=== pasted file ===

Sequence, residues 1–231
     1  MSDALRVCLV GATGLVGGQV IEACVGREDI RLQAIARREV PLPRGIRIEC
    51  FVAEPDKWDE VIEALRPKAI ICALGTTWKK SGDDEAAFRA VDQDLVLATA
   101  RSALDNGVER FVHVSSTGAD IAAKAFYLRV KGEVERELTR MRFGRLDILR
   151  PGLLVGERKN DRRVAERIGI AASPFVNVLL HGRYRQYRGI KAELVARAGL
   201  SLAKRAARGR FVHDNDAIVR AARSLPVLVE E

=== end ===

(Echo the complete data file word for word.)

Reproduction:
Sequence, residues 1–231
     1  MSDALRVCLV GATGLVGGQV IEACVGREDI RLQAIARREV PLPRGIRIEC
    51  FVAEPDKWDE VIEALRPKAI ICALGTTWKK SGDDEAAFRA VDQDLVLATA
   101  RSALDNGVER FVHVSSTGAD IAAKAFYLRV KGEVERELTR MRFGRLDILR
   151  PGLLVGERKN DRRVAERIGI AASPFVNVLL HGRYRQYRGI KAELVARAGL
   201  SLAKRAARGR FVHDNDAIVR AARSLPVLVE E